Sitting here planning for hands-on labs where students are to install a network surveillance camera on a simple network - I realize my head is completely empty and I am very close to going down a really boring path by providing them a step-by-step guide on how to solve the problem with colorful screenshots and all....
However, there MUST be more fun ways of exploring to learn. One way could obviously be to simply state what they should do, show them the components they need and let them work it all out by themselves, but then I run the risk of "loosing" some students.
Therefore, I am thinking about printing the lab on two pages: Page one - task and limitations and a brief explanation stating that if it's all greek - turn to page two.
Page two - the oh so booring step by step guide.....
Any advice or suggestions are received with gratitude!
Keep the colourful screenshots and use them as a handout / reference guide after the session.
Give them the components and a "very general" guide to the components what they are for and what they need to do with them. i.e.
a. You will be required to install the software
b. You will need storage to save the files somewhere
c. You should attach the components to allow the system to work correctly
Let them work the rest out for themselves, maybe even giving them websites or other resources to visit for hints and tips or explanations if you have any available whilst writing their own guide either individually or in groups.
Compare their guide and your guide at the end of the session allowing for a good Q&A session to iron out the difficulties experienced, suggestions and how they tackled or overcame these.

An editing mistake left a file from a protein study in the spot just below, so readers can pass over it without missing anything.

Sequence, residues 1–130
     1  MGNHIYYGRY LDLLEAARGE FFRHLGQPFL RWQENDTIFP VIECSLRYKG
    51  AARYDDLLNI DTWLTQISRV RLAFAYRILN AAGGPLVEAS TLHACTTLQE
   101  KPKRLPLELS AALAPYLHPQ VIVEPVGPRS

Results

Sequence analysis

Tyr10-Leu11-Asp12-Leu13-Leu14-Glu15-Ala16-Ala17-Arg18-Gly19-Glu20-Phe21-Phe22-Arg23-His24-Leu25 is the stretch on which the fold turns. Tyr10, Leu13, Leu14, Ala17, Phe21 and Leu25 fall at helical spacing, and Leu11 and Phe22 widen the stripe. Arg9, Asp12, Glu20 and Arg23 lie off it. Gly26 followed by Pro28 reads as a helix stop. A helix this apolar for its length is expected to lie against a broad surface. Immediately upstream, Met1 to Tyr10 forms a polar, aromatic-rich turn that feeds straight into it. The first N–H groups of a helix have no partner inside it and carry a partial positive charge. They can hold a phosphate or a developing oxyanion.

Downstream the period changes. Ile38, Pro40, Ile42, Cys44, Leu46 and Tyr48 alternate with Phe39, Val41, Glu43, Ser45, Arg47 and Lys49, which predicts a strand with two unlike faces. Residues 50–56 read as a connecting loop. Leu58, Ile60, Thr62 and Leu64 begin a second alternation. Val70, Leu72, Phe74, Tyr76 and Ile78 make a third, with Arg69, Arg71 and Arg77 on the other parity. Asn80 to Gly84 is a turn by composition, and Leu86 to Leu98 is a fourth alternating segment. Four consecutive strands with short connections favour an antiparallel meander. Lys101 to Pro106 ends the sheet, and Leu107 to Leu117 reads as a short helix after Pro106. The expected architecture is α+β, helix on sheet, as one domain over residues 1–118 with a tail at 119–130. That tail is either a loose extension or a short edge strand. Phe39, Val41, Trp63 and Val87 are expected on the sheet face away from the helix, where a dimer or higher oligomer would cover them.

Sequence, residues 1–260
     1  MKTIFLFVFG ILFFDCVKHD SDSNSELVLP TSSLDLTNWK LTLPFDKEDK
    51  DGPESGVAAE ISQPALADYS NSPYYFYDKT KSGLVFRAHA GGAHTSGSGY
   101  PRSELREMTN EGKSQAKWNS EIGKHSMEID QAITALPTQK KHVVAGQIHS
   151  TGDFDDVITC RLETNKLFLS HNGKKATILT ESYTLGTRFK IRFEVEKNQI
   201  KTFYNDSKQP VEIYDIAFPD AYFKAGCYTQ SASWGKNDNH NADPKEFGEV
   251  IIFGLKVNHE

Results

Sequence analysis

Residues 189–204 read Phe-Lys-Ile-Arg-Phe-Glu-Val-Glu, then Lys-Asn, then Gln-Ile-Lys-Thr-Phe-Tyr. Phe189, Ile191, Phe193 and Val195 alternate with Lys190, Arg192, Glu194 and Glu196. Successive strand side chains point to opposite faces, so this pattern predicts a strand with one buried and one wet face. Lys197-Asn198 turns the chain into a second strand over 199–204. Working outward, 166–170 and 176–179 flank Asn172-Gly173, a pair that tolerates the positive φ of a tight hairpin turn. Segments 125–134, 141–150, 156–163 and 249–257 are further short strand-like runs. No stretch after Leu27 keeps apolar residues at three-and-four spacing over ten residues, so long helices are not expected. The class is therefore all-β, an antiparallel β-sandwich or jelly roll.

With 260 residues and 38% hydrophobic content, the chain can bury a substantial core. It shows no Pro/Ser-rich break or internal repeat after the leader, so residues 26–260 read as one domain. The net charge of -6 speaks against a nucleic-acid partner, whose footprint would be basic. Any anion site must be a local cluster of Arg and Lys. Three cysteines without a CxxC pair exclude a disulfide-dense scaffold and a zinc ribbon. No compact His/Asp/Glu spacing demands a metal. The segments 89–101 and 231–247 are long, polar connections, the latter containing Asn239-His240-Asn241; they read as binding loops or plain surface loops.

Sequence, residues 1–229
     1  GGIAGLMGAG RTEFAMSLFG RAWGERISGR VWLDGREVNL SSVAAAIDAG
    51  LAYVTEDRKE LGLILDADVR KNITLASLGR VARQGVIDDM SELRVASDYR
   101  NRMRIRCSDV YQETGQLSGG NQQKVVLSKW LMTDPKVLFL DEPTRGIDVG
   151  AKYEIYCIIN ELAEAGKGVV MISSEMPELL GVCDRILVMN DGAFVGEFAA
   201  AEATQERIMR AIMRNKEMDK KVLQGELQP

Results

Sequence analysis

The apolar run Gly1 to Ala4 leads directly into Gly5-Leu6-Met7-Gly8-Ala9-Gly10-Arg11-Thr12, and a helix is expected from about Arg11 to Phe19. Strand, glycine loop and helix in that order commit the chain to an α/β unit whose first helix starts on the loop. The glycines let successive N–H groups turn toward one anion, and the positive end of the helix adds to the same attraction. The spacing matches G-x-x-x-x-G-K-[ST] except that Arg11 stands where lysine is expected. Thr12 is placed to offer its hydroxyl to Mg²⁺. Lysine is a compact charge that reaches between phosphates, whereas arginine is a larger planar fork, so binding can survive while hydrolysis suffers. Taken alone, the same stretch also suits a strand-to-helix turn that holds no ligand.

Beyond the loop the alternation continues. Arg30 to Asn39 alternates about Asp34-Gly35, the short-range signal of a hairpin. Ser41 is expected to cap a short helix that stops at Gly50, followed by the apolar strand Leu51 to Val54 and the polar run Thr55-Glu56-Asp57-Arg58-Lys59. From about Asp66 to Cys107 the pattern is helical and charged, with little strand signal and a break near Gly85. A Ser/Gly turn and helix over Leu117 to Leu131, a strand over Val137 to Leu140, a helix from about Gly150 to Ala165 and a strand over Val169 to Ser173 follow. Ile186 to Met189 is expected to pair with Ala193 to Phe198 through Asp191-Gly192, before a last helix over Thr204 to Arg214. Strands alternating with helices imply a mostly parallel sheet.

Your idea of showing them the components and letting them work it out sounds fun for the activists amongst your delegates but stressful for the reflectors! Maybe if time permits allow them to have a go in small teams with brief, colourful instructions? Maybe use a jigsaw puzzle build up graphic instead of linear notes?
I like the jigsaw idea Margaret. Runar, does your authorware permit a drag and drop game? Similar to the jigsaw idea - provide minimal but essential info up front and then drag the right component in the right order to complete the installation, and keep trying till you get it right.
Have you thought of using simulations? I have developed many simulations which give students a hands-on approach to using software. There are many advantages to this:
i) Learners do not need to have the software environment available or access to a live system
ii) Simulations can be exploratory, demonstrative or a combination of the two
iii) Learners can be assessed
iv) Learners are actually 'doing' and interacting with a simulated environment - this results in much deeper learning
I would recommend Captivate for its ease of use, price and capabilities.
You may have done this by now, but here are a few thoughts. I don't think there is any problem with what you are suggesting - colourful screenshots with clear instructions are fine - they can also be provided as a download. But you just need to think about scaffolding the learning. In other words, what is the 'hook' to engage people? Why is it important to them and why should they spend time learning this? I'm not sure where you work but maybe a short podcast from someone the students respect to introduce the session. Then you can intersperse the screenshots with some opportunities to try the steps themselves - and, at the end, get students to commit to using their learning soon after - but with the reassurance they can return to the unit for a reminder. Good luck!
Hi all! Thank you all for comments. A clarification: The Labs will take place in a classroom scenario where 8 -20 students working alone or in pairs will physically install a network video surveillance camera onto a computer network. The learning outcome should be that they will be able to install and configure the camer over the network by themselves.
Up until now we have been using the "cookbook approach": "Do this, then do that" all illustrated with pictures and screenshots.
Personally however, I find this to be quite boring, but then again I am an activist like Margaret discussed.....
Is there any other way?